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You're absolutely right. Here is the video: https://www.youtube.com/watch?v=hfg0uQbvld4 Incredible. Now exchanging the weights is back on the agenda. Oh boy, what should I do...
What I'm also asking myself, how does the lead stick to the pieces? If you just pour it inside, will it somehow blend with the wood? Otherwise the lead might fall out if you lift the pieces, because I cannot imagine, how the felt alone will hold the lead.
As I noted, Jaques weights were screwed in, so the pieces have a thread. That thread will serve to hold the lead in.
Okay, now I understand what you mean by thread. But this would mean I would have trouble holding the pieces inside without glueing them, if you look at the photos of the inside of my pawn.
I use a white glue (Elmer's) or an epoxy, both of which will bond fairly well to the metal. If the weight is flush with the bottom, and the felt is glued over it, they stay quite well unless you play against a piece-slammer or drop one on the floor (which should never happen with wood pieces.)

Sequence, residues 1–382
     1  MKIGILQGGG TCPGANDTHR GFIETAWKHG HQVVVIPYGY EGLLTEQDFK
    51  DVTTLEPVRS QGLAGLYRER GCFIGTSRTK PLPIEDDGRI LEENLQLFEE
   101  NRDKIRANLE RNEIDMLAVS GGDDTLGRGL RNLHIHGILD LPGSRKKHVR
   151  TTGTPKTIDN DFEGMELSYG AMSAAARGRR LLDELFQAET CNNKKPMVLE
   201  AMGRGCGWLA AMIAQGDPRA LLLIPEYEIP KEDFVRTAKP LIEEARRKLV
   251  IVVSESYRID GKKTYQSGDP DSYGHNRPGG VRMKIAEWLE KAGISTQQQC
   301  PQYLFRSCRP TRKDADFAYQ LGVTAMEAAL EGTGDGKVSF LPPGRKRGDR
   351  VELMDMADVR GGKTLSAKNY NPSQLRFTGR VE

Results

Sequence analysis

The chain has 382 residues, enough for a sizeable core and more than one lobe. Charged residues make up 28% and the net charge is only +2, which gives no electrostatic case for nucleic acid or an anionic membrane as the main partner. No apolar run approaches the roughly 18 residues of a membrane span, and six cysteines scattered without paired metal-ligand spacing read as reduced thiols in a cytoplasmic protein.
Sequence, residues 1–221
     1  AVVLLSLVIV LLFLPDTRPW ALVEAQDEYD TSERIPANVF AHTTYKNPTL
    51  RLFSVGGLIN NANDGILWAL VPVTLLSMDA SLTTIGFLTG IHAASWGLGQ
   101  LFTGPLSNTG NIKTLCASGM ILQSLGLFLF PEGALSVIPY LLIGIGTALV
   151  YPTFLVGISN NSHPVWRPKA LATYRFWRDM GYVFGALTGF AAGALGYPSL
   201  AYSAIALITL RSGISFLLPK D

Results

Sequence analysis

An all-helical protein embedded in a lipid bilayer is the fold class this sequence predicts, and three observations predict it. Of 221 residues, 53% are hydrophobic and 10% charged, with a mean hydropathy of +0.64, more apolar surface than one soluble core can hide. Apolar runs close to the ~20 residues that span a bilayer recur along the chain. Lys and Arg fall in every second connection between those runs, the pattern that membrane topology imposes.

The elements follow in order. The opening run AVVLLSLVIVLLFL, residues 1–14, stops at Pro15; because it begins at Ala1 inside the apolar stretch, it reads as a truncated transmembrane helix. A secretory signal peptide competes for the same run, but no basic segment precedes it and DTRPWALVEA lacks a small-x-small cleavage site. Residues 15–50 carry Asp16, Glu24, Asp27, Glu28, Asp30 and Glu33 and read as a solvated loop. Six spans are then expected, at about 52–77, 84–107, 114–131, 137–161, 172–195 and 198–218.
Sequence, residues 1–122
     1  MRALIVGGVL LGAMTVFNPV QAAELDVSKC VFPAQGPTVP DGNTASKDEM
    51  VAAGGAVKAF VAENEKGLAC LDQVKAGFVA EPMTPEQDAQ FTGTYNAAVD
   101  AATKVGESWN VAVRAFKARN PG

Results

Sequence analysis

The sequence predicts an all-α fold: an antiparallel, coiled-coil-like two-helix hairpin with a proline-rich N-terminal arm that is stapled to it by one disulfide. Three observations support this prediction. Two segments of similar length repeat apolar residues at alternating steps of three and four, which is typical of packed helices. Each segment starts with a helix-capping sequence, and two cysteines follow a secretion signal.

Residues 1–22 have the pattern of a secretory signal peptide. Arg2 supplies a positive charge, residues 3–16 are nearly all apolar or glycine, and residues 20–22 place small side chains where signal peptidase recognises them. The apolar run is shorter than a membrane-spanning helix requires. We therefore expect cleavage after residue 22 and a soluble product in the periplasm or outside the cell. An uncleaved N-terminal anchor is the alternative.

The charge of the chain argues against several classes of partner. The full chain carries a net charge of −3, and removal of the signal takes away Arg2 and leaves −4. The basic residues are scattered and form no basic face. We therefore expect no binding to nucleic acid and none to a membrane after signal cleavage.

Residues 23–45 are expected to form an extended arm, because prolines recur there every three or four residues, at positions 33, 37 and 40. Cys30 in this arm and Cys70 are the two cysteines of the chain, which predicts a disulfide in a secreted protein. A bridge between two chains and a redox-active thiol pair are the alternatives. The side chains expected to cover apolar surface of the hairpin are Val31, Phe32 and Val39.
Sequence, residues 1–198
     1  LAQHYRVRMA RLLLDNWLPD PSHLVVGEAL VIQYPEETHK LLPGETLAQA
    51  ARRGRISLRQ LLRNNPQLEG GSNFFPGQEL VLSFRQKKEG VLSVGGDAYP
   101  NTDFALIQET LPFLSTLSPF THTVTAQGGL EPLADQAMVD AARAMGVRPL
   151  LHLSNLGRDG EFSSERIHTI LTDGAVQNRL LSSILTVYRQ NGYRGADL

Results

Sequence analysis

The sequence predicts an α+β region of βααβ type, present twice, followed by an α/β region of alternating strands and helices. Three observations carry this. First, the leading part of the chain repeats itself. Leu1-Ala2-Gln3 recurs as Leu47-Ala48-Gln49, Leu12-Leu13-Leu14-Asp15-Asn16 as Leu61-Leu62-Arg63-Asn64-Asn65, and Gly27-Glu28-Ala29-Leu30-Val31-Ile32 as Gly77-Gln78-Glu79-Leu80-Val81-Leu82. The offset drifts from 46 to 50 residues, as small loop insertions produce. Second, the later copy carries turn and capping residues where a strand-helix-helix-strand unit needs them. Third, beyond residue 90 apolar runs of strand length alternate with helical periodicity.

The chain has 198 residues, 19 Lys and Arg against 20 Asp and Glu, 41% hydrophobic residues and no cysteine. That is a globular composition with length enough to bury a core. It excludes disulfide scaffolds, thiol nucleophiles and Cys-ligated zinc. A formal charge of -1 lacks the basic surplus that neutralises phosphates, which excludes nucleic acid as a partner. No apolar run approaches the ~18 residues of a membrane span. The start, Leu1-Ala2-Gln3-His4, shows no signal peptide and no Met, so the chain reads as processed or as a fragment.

What I meant is, I cannot glue a piece of lead, if I melt it into the pawns base. I could put the glue in the base, before the melting process, but that would most likely burn the glue. I don't think that glue goes conform with high temperature.
You could always widen the top of the inside of the hole , so that it forms an inverted cone. That way the weights can't slip out. I've seen this on an old chess set.
Using a drill press, drill a pilot hole down through the center of the lead and into the chess piece, countersink it, drive in a wood screw. You could do this with a pre-formed lead disc too; make the hole in the base of the piece slightly bigger than the lead disc and you don't have to worry about expansion and contraction of the wood causing it to split, and it eliminates the hassle of messing with molten lead too.
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